437 F.3d 1 (2nd Cir. 2006), 04-1229, Skoros v. City of New York
|Citation:||437 F.3d 1|
|Party Name:||Andrea SKOROS, individually, and next friend of Nicholas Tine, a minor and Christos Tine, a minor, Plaintiffs-Appellants, v. CITY OF NEW YORK, Joel L. Klein, in his official capacity as Chancellor, New York City Department of Education, and Sonya Lupion, individually, and in her official capacity as Principal, Edith K. Bergtraum School, New York Ci|
|Case Date:||February 02, 2006|
|Court:||United States Courts of Appeals, Court of Appeals for the Second Circuit|
Argued: Dec. 13, 2004.
Appeal from a judgment of the United States District Court for the Eastern District of New York (Charles P. Sifton, Judge) in favor of defendants after a bench trial on the plaintiffs' constitutional challenges to New York City's holiday display policy for its public schools.
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ROBERT J. MUISE, Thomas More Law Center, Ann Arbor, Michigan, for Plaintiffs-Appellants.
CHERYL PAYER (Stephen J. McGrath, on the brief), for Michael A. Cardozo, Corporation Counsel of the City of New York, New York, New York, for Defendants-Appellees.
Troy King, Attorney General; Kevin C. Newsom, Solicitor General; Charles B. Campbell, Assistant Attorney General, State of Alabama, Montgomery, Alabama, Amicus Curiae in support of Plaintiffs-Appellants.
Daniel S. Alter, Steven M. Freeman, David L. Barkey, Anti-Defamation League, New York, New York; Robert G. Sugarman, Todd D. Ommen, Weil, Gotshal & Manges LLP, New York, New York, Amicus Curiae in support of Defendants-Appellees.
Before: FEINBERG, STRAUB, and RAGGI, Circuit Judges.
Judge Straub concurs in part and dissents in part in a separate opinion.
REENA RAGGI, Circuit Judge:
No holiday season is complete, at least for the courts, without one or more First Amendment challenges to public holiday displays. At issue in this case is the holiday display policy promulgated by the Department of Education ("DOE") of the defendant City of New York ("City" or "New York") for the City's public elementary and secondary schools. That policy allows the menorah to be displayed as a symbol of the Jewish holiday of Chanukah and the star and crescent to be displayed as a symbol of the Islamic holiday of Ramadan, but it does not allow a crèche or nativity scene to be displayed as a symbol of the Christian holiday of Christmas. Plaintiff Andrea Skoros sues pursuant to 42 U.S.C. § 1983 on behalf of herself and her two minor children asserting that the policy violates her children's rights under the Establishment and Free Exercise Clauses of the First Amendment, as well as her parental right to control her children's religious upbringing and education as secured by the First and Fourteenth Amendments. See U.S. Const. amends. I, XIV. While Skoros's complaint seeks to enjoin the operation of the DOE holiday display policy, the record suggests that her goal is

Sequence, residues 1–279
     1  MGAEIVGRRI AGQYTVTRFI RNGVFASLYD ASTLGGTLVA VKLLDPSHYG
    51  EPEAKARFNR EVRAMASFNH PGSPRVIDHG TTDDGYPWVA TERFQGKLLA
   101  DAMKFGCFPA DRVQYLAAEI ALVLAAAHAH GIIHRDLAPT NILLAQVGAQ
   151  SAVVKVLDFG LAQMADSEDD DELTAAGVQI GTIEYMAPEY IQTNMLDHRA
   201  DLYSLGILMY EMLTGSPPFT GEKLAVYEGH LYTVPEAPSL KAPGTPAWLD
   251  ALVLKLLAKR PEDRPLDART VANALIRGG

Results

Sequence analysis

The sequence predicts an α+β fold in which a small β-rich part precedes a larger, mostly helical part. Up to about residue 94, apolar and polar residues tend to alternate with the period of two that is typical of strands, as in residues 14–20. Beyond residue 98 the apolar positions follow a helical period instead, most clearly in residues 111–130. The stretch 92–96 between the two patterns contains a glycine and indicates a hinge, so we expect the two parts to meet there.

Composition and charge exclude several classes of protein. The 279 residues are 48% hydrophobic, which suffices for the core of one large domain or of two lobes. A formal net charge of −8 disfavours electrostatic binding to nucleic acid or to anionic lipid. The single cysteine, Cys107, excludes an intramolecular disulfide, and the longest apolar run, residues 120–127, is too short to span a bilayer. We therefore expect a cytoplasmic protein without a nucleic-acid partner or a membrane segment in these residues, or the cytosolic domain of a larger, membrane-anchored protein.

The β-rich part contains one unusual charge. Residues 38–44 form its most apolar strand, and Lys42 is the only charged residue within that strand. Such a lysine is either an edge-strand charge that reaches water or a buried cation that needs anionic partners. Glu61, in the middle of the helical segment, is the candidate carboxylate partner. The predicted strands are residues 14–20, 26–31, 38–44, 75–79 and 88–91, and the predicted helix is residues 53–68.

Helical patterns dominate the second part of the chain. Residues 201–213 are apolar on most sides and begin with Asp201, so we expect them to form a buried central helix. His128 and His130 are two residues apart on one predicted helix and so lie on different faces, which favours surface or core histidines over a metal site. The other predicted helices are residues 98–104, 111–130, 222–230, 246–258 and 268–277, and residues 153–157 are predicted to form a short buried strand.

not so much to preclude defendants' use of the menorah or the star and crescent as it is to compel inclusion of the crèche in public school holiday displays.1
After a bench trial, Judge Charles P. Sifton of the United States District Court for the Eastern District of New York rejected plaintiffs' constitutional claims on the merits and entered judgment in favor of the City, as well as co-defendants Joel L. Klein, sued in his official capacity as DOE Chancellor, and Sonya Lupion, sued individually and in her official capacity as the principal of the City's Edith K. Bergtraum elementary school ("P.S. 165"). See Skoros v. City of New York, No. CV-02-6439, 2004 U.S. Dist. LEXIS 2234 (E.D.N.Y. Feb. 18, 2004). Skoros now appeals that judgment, and the State of Alabama appears as amicus curiae to support her challenge. In urging affirmance, defendants have the support of the Anti-Defamation League as amicus curiae.
For the reasons stated in this opinion, we affirm the judgment of the district court. We emphasize at the outset that we do not decide on this appeal whether, consistent with the First Amendment, the DOE could ever include a crèche in a public school winter holiday display. We decide only that the defendants do not violate the Constitution when, in pursuing the secular goal of promoting respect for diverse cultural traditions, they do not include a crèche in such displays, representing Christmas through a variety of that holiday's well recognized secular symbols, even though Chanukah is represented by the menorah and Ramadan by the star and crescent.
A. Plaintiff Skoros and Her Children
Plaintiff Andrea Skoros is a Roman Catholic raising her two minor sons, Nicholas and Christos Tine, in that faith. During the 2001-2002 school year, Nicholas was a third-grade student at New York City's P.S. 165. In the 2002-2003 school year, Nicholas attended fourth grade at P.S. 169, while his brother Christos attended second grade at P.S. 184. The boys remained in these public schools through the trial of this case.